Conceptualising "coupling" for sustainability implementation in the industrial sector: a review of the field and projection of future research opportunities

Kunz, N. C., Moran, C. J. and Kastelle, T. (2013) Conceptualising "coupling" for sustainability implementation in the industrial sector: a review of the field and projection of future research opportunities. Journal of Cleaner Production, 53 69-80. doi:10.1016/j.jclepro.2013.03.040


Author Kunz, N. C.
Moran, C. J.
Kastelle, T.
Title Conceptualising "coupling" for sustainability implementation in the industrial sector: a review of the field and projection of future research opportunities
Journal name Journal of Cleaner Production   Check publisher's open access policy
ISSN 0959-6526
Publication date 2013-08-15
Sub-type Critical review of research, literature review, critical commentary
DOI 10.1016/j.jclepro.2013.03.040
Open Access Status Not yet assessed
Volume 53
Start page 69
End page 80
Total pages 12
Place of publication Netherlands
Publisher Elsevier
Language eng
Subject 2105 Renewable Energy, Sustainability and the Environment
2300 Environmental Science
1408 Strategy and Management
2209 Industrial and Manufacturing Engineering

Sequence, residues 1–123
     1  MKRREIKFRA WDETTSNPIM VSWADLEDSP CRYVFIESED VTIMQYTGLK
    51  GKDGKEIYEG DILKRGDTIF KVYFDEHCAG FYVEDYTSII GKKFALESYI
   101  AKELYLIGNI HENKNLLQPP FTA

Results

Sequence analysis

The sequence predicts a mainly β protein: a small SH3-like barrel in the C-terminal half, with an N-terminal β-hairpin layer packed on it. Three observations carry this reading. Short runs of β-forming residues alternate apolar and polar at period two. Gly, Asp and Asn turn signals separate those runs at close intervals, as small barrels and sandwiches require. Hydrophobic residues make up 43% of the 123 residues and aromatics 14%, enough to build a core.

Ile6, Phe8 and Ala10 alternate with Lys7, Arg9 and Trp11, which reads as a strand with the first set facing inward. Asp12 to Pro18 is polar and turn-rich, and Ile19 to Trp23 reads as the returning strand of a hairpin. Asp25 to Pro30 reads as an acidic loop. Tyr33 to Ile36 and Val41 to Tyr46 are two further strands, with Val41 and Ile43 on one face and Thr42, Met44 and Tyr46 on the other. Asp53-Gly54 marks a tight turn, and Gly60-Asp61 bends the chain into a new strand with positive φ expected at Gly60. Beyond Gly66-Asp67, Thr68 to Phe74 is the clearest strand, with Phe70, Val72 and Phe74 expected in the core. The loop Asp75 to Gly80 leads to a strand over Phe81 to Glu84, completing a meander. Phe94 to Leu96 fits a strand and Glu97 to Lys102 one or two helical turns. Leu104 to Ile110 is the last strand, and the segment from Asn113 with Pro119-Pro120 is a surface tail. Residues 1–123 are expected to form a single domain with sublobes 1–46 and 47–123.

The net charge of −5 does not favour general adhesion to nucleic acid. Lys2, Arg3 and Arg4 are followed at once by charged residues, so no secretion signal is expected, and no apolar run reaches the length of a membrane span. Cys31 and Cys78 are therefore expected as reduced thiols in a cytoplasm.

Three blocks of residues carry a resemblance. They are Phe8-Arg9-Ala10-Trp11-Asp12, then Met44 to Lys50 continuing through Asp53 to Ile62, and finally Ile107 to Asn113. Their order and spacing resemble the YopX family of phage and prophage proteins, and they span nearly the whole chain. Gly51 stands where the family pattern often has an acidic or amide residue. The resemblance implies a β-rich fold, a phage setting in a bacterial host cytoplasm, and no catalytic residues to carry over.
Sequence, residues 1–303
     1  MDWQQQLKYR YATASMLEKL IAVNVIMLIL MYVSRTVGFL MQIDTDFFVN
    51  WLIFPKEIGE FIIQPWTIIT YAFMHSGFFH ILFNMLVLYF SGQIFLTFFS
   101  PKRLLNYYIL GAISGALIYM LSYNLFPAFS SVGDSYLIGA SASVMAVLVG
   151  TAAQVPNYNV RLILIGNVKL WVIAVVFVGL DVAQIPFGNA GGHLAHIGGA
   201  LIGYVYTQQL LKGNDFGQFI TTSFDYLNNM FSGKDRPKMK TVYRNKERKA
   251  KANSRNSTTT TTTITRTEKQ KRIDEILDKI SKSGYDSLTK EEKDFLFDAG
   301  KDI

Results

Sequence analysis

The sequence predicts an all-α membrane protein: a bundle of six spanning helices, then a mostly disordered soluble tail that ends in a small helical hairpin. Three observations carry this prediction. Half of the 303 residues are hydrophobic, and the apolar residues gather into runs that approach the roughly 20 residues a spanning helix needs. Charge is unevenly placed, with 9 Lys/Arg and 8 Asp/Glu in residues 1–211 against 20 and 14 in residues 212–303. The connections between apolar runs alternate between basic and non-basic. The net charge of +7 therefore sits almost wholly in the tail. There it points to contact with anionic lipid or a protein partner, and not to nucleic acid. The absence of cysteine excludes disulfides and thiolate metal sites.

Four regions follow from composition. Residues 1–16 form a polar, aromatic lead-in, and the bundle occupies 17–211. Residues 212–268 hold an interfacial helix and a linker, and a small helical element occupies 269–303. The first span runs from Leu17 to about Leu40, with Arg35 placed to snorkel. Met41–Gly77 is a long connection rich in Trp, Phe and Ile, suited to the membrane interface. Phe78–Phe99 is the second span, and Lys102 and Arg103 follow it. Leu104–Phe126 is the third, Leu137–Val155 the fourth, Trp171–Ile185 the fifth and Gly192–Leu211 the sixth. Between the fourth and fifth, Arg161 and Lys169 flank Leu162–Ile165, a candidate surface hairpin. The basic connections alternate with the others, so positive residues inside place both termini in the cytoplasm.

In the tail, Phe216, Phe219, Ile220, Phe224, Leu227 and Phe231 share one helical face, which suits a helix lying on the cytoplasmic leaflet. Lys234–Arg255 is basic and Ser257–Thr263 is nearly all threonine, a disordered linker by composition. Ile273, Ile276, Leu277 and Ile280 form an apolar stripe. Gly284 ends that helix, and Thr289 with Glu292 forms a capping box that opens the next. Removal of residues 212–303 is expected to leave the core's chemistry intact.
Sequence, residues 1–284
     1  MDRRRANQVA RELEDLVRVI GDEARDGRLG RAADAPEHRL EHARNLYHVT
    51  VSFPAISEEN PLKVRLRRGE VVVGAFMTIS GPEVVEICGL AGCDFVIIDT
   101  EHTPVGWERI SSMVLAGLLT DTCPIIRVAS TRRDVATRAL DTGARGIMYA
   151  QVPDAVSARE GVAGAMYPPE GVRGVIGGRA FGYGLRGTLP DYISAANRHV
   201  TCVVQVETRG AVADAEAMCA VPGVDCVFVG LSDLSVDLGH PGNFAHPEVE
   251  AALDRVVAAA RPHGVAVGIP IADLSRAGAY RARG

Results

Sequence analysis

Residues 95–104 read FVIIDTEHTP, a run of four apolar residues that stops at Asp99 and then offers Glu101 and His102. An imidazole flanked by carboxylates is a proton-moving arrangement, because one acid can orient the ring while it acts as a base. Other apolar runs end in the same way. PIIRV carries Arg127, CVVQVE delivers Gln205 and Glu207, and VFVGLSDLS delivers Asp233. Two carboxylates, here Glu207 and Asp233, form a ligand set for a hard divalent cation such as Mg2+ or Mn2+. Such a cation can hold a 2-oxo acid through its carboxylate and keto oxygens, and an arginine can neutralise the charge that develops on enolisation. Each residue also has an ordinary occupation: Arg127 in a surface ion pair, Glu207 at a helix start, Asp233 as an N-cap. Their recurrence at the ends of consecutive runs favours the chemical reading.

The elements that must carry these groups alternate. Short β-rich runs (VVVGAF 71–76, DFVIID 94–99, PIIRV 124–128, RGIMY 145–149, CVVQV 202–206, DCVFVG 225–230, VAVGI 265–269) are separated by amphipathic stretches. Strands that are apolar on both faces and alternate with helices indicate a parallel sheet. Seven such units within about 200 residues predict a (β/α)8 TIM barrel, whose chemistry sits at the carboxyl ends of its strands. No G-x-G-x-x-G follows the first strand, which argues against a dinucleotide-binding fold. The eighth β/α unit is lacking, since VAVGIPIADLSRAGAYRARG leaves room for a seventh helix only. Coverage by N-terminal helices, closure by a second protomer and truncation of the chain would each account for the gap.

Abstract The industrial sector is an important player in the global sustainable development agenda. Over the last several decades, the sector has made considerable progress towards the adoption of cleaner production initiatives and the implementation of broader sustainability practices. However there is a growing call for integrated and holistic approaches to meet sustainability objectives over broad spatial and temporal scales. The implementation of these solutions requires not only engineering solutions but also advances in the human systems responsible for control. This demands consideration of the interactions and feedback relationships between coupled human and engineered systems. The natural science, engineering and management disciplines have each had a history of research on coupling and may thus provide insights for making progress. This paper makes two contributions. First, it provides a comprehensive and integrative literature review of research on coupling efforts across three diverse disciplines: natural sciences, engineering and management. Differences across these disciplines included: the scope and aims of coupling research and the ontological perspectives adopted. Similarities included: a lack of consistency in terminology and a growth in social network analysis and simulation modelling as research methods. The second contribution of this paper is the application of a framework to guide future research on coupling within the industrial sector. This paper is relevant to academics seeking an overview of methodological advances in coupling research across disciplines and an understanding of how they might be integrated to inform future research efforts. The paper may also be of interest to industrial practitioners who seek novel insights for managing sustainability issues characterised by both social and technical constraints.